Thursday, April 30, 2009

English Names, Korean Names...

Here's an interesting trend this Chinese American guy picked up on upon moving back to China. The Texas legislator mentioned got hosed for suggesting Asian minorities in the USA adopt "American" names. But while I agree her remarks were insensitive and ignorant, I also found it completely ironic that such a suggestion would be acceptable, normal, or even trendy to do such a thing in Asia.

Like the author in China, I too noticed a similar trend here in Korea, as I have several students who insist upon me calling them by some generic English or vaguely Western name. While I don't think the trend is quite so out of control in the Korean Peninsula as the author suggests things are in China, like him I puzzled about it for a bit.

To my supreme bewilderment at work one day, a co-worker begged me several times to give her an appropriate "English" name. I eventually dubbed her Tiffany. I've other friends, students and acquaintances who go by everything from Tony, Sonny, Carrie, Steve, Ivy, Amy, Jack, etc.

Only fair then, that I should have a Korean name! So I ran across this dumb facebook application that tells you your Korean name. My Korean name is now: Shin Il. I think it suits me quite nicely. Comments?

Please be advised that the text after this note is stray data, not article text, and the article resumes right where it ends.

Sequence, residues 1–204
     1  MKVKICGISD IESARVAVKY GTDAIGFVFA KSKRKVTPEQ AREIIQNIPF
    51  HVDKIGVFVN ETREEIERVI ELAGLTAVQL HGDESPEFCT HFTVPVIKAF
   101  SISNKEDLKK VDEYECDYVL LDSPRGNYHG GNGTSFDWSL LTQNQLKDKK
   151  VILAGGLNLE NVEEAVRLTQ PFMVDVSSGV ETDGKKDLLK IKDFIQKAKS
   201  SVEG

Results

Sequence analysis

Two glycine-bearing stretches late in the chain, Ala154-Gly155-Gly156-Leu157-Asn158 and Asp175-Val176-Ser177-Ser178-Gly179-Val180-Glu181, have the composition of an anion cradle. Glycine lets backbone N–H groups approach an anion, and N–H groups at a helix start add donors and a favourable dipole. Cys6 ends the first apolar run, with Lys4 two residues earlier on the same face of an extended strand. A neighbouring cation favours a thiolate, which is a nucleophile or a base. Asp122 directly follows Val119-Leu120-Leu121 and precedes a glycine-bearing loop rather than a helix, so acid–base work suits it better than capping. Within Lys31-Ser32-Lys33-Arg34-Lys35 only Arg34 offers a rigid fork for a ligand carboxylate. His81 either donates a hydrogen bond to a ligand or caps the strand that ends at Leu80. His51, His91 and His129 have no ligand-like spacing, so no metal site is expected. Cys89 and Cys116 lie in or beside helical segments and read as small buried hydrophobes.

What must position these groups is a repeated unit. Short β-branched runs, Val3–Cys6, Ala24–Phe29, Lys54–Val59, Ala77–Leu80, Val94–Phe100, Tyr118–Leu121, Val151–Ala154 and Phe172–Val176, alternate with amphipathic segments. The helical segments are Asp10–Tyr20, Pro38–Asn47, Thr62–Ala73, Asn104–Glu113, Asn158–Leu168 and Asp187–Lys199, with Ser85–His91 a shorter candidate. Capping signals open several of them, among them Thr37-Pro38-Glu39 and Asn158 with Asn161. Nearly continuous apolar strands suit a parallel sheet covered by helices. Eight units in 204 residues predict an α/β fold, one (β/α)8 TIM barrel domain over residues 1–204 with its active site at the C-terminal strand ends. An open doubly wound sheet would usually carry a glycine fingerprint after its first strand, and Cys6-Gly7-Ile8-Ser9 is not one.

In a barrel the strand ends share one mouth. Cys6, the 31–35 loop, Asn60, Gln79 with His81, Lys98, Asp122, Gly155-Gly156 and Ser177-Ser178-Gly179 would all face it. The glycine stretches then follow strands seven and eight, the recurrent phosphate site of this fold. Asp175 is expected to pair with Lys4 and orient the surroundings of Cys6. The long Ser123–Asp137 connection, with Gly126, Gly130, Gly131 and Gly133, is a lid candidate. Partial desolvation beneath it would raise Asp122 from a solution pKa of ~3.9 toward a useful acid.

The Name's Du Xiao Hua, But Call Me Steve by Huan Tsu.


Krista said...

That was an interesting article. I didn't realize that having English names was so prevalent in China. I guess when I was there, I didn't meet so many business people. I have friends in Canada (who were born in Hong Kong or China) who have English names (Raymond, Kevin, Ivan, Jackie, Joey, Peter, Winnie to name a few). Perhaps another reason I didn't meet many English names in China, is that I didn't meet that many Chinese that spoke English, so it was never much of an issue.

Here in Korea, many teachers choose an english name for their students. I don't force my students to choose one if they don't want to, but let them take one if they want to. I guess if people want to do it, I say let them, but if they don't allow them that choice as well. I'd like to get a Korean name and at one point had a Chinese name as well (can't remember it though). My friends talked about me as white girl, which bothered me, since I use their names when I talk about them (although I guess those are their English names). I guess I should add that their official Canadian documents use their "English" names too.

I should add though that I have some very strange names that I've come across: Golem (had 2 boys arguing over that name), Crazy Grandfather Dinosaur, Brother, Sister (who are in fact brother and sister), Umbrella, Haha, Rin, Irin, Sparta, and probably lots more... When I have encountered these unique names, I give them the option to change them, or not use them, but they never want to.

Enjoy your new name Shin Il ;)

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